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British Journal of Radiology [journal]
- Phyllodes tumours of the breast. Radiological presentation, management and follow-up. [JOURNAL ARTICLE]
- Br J Radiol 2014 Oct 1.:20140239.
Objectives: Phyllodes tumours (PT) are rare neoplasms accounting for less than 1% of breast lesions. With increased breast awareness and screening programmes, smaller PTs are being detected. The purpose of this study was to determine the clinical, radiological and pathological presentation of PT and to evaluate the role of imaging follow up, for which there are no specific guidelines. Methods: A retrospective study of all patients diagnosed with PT in a symptomatic unit between January 2006 and March 2013 was carried out. Patients were identified using Breast Care and Electronic Patient Record Databases. Results: 53 patients with 54 lesions were diagnosed as having a PT. Median age was 27.5, 35 and 38.5 years for benign, borderline and malignant PT respectively. Borderline and malignant PTs were larger than benign PTs, with mean sizes of 33mm and 42mm compared to 29mm. 38% of PTs were labelled by the reporting radiologist as fibroadenomas including 2 borderline and 1 malignant PT. In 24 % of cases the radiologist raised the possibility of PT in the report. 17 patients (40%) developed a new fibroepithelial breast lesion during follow-up of which 4 were recurrent PT. Conclusion: Despite adequate surgical management, development of further fibroepithelial lesions in the ipsilateral breast is common. Three year clinical surveillance, with the addition of 6-monthly ultrasound is advised for women with initial borderline or malignant PT histology. Advances in knowledge: We propose a follow-up protocol with ultrasound based on the grade of the PT diagnosed for 3 years to detect recurrence.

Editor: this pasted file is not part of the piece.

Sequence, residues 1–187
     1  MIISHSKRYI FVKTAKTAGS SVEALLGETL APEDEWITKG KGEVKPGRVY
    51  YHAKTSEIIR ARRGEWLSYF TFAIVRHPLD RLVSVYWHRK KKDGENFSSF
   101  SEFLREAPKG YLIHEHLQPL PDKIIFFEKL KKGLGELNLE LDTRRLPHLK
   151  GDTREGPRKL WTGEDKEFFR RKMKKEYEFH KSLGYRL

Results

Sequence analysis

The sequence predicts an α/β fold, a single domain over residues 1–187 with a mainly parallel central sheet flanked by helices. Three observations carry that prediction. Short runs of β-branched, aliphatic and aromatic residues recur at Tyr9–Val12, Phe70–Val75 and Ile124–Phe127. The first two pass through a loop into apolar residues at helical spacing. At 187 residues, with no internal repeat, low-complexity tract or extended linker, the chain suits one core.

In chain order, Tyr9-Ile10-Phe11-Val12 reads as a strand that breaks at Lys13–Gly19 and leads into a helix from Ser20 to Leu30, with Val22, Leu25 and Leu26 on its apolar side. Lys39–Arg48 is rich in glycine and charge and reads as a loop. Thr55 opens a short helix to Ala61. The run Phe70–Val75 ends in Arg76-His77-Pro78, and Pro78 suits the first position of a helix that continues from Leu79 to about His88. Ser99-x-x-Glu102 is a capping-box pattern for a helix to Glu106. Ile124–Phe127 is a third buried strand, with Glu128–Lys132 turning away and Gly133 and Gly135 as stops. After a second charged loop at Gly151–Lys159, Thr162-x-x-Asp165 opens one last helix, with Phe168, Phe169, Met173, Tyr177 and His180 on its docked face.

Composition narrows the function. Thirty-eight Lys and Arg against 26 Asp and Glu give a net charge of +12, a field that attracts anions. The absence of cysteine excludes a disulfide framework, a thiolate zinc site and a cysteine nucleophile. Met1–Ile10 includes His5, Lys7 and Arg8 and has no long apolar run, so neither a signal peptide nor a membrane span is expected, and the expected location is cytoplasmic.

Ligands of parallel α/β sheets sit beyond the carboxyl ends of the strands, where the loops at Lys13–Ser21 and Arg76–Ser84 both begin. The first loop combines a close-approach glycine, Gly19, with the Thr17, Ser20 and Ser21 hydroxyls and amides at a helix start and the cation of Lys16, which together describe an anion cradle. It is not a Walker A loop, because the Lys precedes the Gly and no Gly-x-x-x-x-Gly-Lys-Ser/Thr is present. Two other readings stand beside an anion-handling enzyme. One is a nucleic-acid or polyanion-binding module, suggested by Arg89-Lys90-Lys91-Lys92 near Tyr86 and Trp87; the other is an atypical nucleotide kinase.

- Future development of biologically relevant dosimetry. [JOURNAL ARTICLE]
- Br J Radiol 2014 Sep 26.:20140392.
Proton and ion beams are radiotherapy modalities of increasing importance and interest. Because of the different biological dose response of these radiations as compared to high-energy photon beams, the current approach of treatment prescription is based on the product of the absorbed dose to water and a biological weighting factor, but this is found to be insufficient for providing a generic method to quantify the biological outcome of radiation. It is therefore suggested to define new dosimetric quantities which allow a transparent separation of the physical processes from the biological ones. Given the complexity of the initiation and occurrence of biological processes on various time and length scales, and given that neither microdosimetry nor nanodosimetry on their own can fully describe the biological effects as a function of the distribution of energy deposition or ionisation, a multi-scale approach is needed to lay the foundation for the aforementioned new physical quantities relating track structure to relative biological effectiveness in proton and ion beam therapy. This paper reviews the state of the art of microdosimetry, nanodosimetry, track structure simulations, quantification of reactive species, reference radiobiological data, cross section data and multi-scale models of biological response in the context of realising the new quantities. It also introduces the European metrology project, BioQuaRT, which aims to investigate the feasibility of establishing a multi-scale model as the basis of the new quantities. A tentative generic expression of how the weighting of physical quantities at different length scales could be done is presented.